Ian Cocking is a “very well-regarded lawyer” who excels in a range of high-value contractual and contentious issues across the construction sector. – Who’s Who Legal: Thought Leaders Hong Kong 2020
It has been noted that mediation is increasingly being used to resolve construction disputes. Why do you think this is the case?
Hong Kong was an early adopter of mediation in construction contracts, following its use in the new airport projects in the 1990s. It initially met with some notable successes, but over time its effectiveness and, therefore, popularity seemed to wear off markedly, despite the fact that mediation was eventually included in every major standard form of contract, sometimes even as a condition precedent to arbitration. My sense, though, is that mediation is going through a renaissance. The reasons are the same as ever: namely, that a settlement reached through a successful mediation is infinitely preferable to the time and costs involved in a major construction arbitration (of which there are always plenty of bad examples), and better for repeat relationships between the clients and contractors. However modern construction mediation requires careful preparation. Above all it must be set up to succeed by building sufficient trust in the process to persuade the parties to invest serious time and money in a timetable for exchanging detailed technical information, which is far longer than the mediation period envisaged by the contract.
What would you say is driving the current uptick in PPPs in Hong Kong? What impact will this have on the construction industry?
After the early tunnel projects, PPP struggled to establish itself as a procurement method in Hong Kong, due largely to the wealth of the government. However in recent times we have seen an uptick – for example, the $32 billion Kai Tak Sports Park project is a 25-year design, build and operate contract, which incorporates a 50,000-seat stadium. I was legal adviser to the government and the key issue was not the initial construction finance, which was provided by the government, but the operational expertise to ensure the long-term success and vibrancy of the project. Several PPP projects are now in progress or planned, for example, by West Kowloon Cultural District Authority. Again, operational experience will be a key component.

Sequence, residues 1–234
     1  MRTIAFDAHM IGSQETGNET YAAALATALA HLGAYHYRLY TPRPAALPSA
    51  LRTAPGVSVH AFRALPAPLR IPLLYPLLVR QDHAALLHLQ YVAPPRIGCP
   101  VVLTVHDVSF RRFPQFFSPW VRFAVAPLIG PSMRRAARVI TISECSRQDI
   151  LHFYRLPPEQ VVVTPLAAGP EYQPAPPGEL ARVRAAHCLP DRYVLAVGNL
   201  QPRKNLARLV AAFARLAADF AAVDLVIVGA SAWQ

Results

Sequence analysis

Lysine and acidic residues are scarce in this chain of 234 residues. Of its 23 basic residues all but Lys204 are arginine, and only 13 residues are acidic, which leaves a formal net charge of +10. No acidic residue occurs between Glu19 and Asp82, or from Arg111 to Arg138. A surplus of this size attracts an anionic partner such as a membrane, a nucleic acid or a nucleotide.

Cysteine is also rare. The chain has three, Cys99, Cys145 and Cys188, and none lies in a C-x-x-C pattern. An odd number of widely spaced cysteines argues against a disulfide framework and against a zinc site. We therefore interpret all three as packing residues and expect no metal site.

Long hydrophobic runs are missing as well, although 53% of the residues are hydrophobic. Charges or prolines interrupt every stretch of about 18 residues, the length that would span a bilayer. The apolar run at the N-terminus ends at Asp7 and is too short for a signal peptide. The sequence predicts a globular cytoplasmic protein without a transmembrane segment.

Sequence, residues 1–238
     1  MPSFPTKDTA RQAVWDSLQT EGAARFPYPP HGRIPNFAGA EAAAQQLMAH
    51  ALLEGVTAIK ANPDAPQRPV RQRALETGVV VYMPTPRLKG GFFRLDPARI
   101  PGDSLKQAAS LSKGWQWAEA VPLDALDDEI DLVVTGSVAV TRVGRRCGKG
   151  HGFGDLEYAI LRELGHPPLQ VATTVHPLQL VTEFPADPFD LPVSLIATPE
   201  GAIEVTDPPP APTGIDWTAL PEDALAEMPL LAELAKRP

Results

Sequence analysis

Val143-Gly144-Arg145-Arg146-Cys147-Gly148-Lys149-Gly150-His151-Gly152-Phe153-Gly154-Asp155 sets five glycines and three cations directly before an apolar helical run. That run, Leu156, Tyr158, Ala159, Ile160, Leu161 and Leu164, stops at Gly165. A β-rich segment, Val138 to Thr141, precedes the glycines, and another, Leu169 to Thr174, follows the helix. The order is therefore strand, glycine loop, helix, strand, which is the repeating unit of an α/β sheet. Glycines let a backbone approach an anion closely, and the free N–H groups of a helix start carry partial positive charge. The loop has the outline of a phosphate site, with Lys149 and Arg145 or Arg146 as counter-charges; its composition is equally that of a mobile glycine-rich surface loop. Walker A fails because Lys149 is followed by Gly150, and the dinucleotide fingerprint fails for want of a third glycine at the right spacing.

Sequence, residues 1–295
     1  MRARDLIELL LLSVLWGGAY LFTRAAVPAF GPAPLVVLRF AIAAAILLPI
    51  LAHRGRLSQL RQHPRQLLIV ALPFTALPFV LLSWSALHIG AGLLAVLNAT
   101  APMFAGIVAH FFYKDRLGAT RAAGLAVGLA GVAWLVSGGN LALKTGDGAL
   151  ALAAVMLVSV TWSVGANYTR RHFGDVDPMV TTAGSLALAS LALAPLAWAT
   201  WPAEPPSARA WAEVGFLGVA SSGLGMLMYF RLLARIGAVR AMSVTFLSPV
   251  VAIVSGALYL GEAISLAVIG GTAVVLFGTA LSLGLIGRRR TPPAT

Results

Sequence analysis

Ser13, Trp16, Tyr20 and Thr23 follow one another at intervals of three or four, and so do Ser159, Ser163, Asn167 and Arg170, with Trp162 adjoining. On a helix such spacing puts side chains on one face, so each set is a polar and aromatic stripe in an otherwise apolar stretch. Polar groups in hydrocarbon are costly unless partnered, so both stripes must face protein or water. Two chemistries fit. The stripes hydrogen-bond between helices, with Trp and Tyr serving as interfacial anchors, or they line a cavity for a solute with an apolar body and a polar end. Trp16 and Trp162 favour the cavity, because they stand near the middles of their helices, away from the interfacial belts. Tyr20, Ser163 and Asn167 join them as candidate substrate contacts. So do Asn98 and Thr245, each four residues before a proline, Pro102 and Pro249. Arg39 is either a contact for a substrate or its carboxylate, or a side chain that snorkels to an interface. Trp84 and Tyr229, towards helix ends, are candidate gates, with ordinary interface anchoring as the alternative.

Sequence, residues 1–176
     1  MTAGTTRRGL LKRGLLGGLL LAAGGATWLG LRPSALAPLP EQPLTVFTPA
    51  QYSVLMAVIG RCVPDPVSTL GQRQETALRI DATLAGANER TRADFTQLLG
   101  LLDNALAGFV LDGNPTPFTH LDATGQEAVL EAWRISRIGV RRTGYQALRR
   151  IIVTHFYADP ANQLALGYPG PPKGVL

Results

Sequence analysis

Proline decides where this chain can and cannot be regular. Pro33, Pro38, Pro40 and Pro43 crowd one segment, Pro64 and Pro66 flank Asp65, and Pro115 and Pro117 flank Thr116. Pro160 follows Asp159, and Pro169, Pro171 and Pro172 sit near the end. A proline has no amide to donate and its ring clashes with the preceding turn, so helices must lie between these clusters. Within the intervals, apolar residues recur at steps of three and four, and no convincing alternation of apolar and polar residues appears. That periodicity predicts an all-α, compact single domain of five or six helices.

You recently established your own boutique firm. Why did you decide to do this? How did the experience meet your expectations?
We saw a real opportunity in the market for an independent firm specialised in construction. Up to now construction expertise has largely been the province of big international firms. We aim to offer the same services to quality clients, with far more flexibility and an eye to deeper, longer-term relationships. Our clients have found us efficient and responsive, and there is a strong element of personal service that is disappearing from corporate firms. We have managed to attract some leading contractors and sub-contractors on the contentious side, and a number of employers on the project side. Significantly, we have also managed to attract good young lawyers who are starting to see strong career potential, a good working environment and greater autonomy.
What impact has the political situation in Hong Kong had on the market and your practice?
The primary impact has been in relation to filibustering in the Legislative Council, as a result of which more than 90 projects dating back several years are still awaiting financial approval. If there is insufficient public work, the construction industry will hit serious issues. The government needs to start a “new ideal”-style infrastructure programme as one of its main responses to the economic downturn.
How have you managed to retain international construction and dispute resolution work being a boutique firm?
In fact we owe a lot to our professional colleagues in other firms and around the region for their kind references and referrals, as well as our good reputation in the market. In particular, large firms with conflict issues have been able to recommend us for referrals in Hong Kong, and Chinese firms have been keen to discuss how we can assist their clients with Hong Kong projects and international arbitration disputes for Chinese contractors seated in Hong Kong.
What does the future of Hong Kong’s construction landscape look like with the government seeking to rebuild Hong Kong’s image as a travel destination?
We remain confident that a likely response to the economic downturn will be major public works and infrastructure. The third-runway project is virtually doubling the size of the airport. Hong Kong’s infrastructure is famed the world over, but there is no redundancy left, and some areas are significantly stretched. For example, most road tunnels are only dualcarriageway and traffic generally is a major concern; parts of the mass transit railway (MTR) are at capacity, and four new lines are being planned by the MTR. Significant hospital and housing work is under way.
What impact has the Commission of Inquiry in Hong Kong had on your practice and the market?
The Commission of Inquiry has fuelled a large number of enquiries from clients who are concerned about regulatory issues in general, as well as increased problems obtaining statutory approvals. The level of conservatism has markedly increased and public agencies have become even more reluctant to accept innovation.
To what extent will Hong Kong continue to thrive as an attractive jurisdiction for legal work?
Hong Kong as a commercial arbitration centre will continue to thrive. On the construction side, virtually all domestic construction disputes have now been resolved by arbitration. Over time our work on international projects/disputes has steadily grown, and this is bound to continue considering that most projects still use standard-form contracts that are ideally suited to English/Hong Kong law.